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Finance Minister Jim Flaherty photographed during a an interview in his Parliament Hill office on Jan. 30, 2013, in Ottawa.

Dave Chan/The Globe and Mail

Officials at Finance Canada – and economists on Bay Street – are asking themselves some pretty fundamental questions.

Does deficit spending boost or hurt economic growth? Do spending cuts hurt or help the economy?

As crunch time approaches on the 2013 federal budget, there is a lot weighing on getting these answers right.

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Unfortunately for the team of public servants working to help Finance Minister Jim Flaherty erase the deficit by 2015, there are no easy answers.

An internal briefing note to Mr. Flaherty's deputy minister, Michael Horgan, shows finance officials have been researching these very questions. International economists have many competing formulas for calculating the cause and effect between cuts or stimulus and economic growth.

"There is no one size fits all multiplier," states the briefing note, referring to formulas that aim to calculate links between fiscal policy and economic growth.

As finance officials reviewed recent studies, a common theme they found is that the answer depends on how much debt a country is carrying.

If a country's debt load is already drawing international concern, more stimulus isn't going to help.

"Similarly, for credible fiscal consolidation, the multiplier is smaller because confidence is improved, the risk premium falls and precautionary savings decline," the note states.

Finance officials pointed to one study in their briefing note that identified 85 per cent of GDP as the average debt load point where debt becomes a drag on growth.

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So what does this all mean for Canada? Those parts of the briefing note – which is dated June 28, 2012, and obtained through Access to Information – are blacked out. But the very existence of the note provides some insight into the concerns at the highest levels of the finance department.

Ottawa often likes to say its debt situation is dramatically better than other major nations. In some ways that's true. Ottawa likes to measure its debt as "net debt" – which allows it to count public pensions like the massive, fully-funded holdings of the Canada Pension Plan as assets. Ottawa can point even more narrowly to federal net debt, which makes Canada look even better.

But many international comparisons of national debt loads prefer to use gross debt of all levels of government. By that measure, Ottawa doesn't look so good.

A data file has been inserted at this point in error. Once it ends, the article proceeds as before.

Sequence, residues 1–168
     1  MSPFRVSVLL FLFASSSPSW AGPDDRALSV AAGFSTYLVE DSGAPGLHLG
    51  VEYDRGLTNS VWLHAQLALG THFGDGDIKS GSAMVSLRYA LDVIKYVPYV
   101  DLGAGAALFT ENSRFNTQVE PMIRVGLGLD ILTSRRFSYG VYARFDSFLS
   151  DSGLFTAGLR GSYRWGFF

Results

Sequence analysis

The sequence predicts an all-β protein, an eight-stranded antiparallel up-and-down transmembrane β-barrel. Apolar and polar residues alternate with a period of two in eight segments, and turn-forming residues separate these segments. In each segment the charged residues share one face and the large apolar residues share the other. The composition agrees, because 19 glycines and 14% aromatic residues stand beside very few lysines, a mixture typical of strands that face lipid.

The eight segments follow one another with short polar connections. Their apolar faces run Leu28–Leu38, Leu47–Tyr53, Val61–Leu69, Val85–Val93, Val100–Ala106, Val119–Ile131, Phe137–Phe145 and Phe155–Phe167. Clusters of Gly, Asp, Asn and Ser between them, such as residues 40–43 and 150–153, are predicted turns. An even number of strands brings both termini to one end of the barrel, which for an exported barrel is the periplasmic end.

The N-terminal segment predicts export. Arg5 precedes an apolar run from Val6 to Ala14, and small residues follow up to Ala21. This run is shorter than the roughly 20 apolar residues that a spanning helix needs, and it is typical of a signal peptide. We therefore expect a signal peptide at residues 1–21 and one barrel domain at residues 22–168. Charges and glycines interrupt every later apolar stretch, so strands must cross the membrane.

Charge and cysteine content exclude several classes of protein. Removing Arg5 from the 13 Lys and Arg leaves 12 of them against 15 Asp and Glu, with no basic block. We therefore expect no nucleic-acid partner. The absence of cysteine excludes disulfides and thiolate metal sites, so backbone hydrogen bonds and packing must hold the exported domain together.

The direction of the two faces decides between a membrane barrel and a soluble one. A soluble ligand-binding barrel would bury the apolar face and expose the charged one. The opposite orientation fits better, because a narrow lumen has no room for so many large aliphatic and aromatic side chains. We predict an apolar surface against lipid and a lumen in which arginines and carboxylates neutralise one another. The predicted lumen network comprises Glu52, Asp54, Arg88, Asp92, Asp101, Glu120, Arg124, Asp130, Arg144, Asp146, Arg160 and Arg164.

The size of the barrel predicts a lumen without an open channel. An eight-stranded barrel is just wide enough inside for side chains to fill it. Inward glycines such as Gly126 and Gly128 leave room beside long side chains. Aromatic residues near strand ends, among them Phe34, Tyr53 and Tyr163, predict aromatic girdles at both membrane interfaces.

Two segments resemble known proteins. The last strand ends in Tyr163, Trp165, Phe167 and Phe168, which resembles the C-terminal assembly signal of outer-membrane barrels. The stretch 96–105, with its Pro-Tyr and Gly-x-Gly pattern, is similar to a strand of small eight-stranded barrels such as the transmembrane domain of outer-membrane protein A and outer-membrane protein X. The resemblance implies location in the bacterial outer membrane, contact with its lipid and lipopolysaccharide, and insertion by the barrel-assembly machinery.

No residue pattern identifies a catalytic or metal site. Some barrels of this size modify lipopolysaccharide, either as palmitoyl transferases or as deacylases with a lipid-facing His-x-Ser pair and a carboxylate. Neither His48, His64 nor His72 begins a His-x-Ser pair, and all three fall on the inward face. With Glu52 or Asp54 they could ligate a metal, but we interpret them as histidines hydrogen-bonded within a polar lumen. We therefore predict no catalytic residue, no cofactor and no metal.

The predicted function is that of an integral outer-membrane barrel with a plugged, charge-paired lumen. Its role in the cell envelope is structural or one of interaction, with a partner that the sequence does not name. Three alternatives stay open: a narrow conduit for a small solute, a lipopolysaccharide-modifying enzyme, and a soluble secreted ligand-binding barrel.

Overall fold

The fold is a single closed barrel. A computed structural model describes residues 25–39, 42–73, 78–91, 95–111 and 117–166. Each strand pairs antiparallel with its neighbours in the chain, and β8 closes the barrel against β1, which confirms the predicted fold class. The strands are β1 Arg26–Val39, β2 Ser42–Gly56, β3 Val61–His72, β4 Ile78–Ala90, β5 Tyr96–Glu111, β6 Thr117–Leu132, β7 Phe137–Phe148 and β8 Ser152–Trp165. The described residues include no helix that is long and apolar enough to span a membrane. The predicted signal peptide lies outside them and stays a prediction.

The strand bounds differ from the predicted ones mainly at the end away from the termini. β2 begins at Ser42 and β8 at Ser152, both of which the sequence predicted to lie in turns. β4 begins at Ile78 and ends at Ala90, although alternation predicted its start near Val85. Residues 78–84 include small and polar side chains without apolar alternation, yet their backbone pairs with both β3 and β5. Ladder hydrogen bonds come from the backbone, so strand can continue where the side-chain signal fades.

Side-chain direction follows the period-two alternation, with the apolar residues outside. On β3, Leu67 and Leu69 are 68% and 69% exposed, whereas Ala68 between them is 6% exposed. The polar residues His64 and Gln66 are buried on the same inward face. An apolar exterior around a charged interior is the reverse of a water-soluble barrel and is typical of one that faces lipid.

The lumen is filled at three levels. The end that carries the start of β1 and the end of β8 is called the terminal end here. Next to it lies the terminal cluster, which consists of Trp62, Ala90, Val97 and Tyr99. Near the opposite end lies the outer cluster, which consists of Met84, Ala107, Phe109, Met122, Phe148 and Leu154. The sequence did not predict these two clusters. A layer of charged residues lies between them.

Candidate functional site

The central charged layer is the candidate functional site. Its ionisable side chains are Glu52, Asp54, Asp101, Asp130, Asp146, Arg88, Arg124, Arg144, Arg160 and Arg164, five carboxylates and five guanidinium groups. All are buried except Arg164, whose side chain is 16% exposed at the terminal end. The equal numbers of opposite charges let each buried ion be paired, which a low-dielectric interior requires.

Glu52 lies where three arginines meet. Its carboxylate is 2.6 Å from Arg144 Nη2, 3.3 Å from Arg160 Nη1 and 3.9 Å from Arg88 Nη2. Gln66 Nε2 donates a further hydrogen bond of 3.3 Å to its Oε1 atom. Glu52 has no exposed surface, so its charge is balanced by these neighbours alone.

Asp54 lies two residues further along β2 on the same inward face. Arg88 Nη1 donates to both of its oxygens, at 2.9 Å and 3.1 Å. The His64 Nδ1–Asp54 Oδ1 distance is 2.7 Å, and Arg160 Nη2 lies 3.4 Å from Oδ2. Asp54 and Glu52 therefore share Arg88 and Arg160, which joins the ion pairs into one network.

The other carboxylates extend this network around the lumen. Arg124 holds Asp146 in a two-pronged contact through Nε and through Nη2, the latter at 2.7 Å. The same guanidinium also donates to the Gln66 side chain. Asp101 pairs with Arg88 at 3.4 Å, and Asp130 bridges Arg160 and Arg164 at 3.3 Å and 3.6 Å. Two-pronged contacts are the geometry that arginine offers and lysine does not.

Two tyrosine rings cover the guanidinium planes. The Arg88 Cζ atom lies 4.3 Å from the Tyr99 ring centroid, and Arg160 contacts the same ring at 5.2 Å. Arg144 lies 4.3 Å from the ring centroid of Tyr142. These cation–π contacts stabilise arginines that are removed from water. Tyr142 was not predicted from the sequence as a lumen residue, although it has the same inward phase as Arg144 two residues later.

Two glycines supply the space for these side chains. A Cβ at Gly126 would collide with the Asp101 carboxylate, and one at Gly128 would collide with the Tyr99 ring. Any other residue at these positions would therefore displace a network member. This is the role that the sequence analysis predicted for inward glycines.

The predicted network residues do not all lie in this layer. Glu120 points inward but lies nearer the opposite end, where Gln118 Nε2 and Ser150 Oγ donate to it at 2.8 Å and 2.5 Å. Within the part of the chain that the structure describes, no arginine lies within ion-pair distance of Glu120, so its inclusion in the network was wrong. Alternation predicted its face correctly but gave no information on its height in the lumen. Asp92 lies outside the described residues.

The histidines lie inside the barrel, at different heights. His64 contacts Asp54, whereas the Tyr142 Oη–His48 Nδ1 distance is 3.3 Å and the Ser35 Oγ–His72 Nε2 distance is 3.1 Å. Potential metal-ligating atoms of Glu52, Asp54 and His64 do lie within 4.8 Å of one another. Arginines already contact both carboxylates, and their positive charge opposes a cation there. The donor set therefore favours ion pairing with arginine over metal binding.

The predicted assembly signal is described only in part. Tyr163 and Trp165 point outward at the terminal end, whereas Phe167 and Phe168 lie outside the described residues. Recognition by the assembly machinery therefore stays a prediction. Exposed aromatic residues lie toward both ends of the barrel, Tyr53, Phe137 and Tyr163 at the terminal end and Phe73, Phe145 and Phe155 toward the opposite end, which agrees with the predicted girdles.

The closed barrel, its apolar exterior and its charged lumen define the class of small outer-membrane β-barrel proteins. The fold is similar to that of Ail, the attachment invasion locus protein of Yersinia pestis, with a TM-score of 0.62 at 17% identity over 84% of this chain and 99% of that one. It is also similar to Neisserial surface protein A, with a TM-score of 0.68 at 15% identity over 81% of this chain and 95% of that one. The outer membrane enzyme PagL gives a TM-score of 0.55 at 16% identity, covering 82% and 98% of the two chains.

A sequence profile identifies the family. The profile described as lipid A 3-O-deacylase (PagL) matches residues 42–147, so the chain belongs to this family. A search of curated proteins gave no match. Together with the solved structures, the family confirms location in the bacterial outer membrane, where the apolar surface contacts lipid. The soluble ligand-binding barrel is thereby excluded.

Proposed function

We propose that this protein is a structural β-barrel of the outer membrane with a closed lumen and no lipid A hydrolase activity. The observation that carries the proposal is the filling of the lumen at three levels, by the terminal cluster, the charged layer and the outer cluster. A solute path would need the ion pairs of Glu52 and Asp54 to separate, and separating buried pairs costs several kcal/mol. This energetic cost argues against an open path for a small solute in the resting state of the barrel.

"For borrowers, gross debt is what matters," said Stephen Cecchetti, in an email from Basel, Switzerland, where he is the economic adviser and head of the monetary and economic department for the Bank of International Settlements.

Mr. Cecchetti co-authored the BIS report that listed 85 per cent debt-to-GDP as a trigger for concern.

"It is the total level of debt, and the required payments, that are relevant for resilience to income and interest rate shocks. Our interest in fragility leads us to study gross debt," he said. "The gross/net distinction is one that we have spent quite a bit of time thinking about."

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An October report by the International Monetary Fund projected Canada's gross government net for 2012 at 87.5 per cent of GDP – compared to a world average of 81.3 per cent – and net debt at 35.8 per cent – compared to a world average of 48.2 per cent.

The lack of clear answers or formulas helps understand why economists repeatedly stress the degree of uncertainty in the economy. Not only must they weigh the impact of Canadian fiscal policy on growth, but also the impact of stimulus and restraint among Canada's trading partners.

The United States, for instance, faces high debt levels and a fiscal policy that is highly uncertain at the moment as Democrats and Republicans feud over budget cuts.

Mr. Flaherty relies on private sector economists to do the heavy lifting in terms of weighing all of the uncertainty in the global economy. Those economists have until Tuesday to submit their numbers to the department as to what Ottawa should expect in terms of growth and revenue over the coming years.

On Friday he said revenue is coming in weaker than expected. Still, he promised to strike a "balance" between measures to boost growth and spending cuts to erase the deficit by 2015.

Bank of Montreal chief economist Doug Porter, who is among the group of economists submitting reports, said Canada's debt load does mean it has less room to react with stimulus if needed than before the recession.

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However Mr. Porter said Canada is right to boast about net debt, given that other countries like the U.S. have not put enough money aside to fund their public pensions.

"We do have these funds set aside to help fund CPP and I think that's reasonable to take that into account when you're trying to compare the credit worthiness of the two countries," he said.

Bill Curry covers finance in The Globe and Mail's Ottawa bureau.

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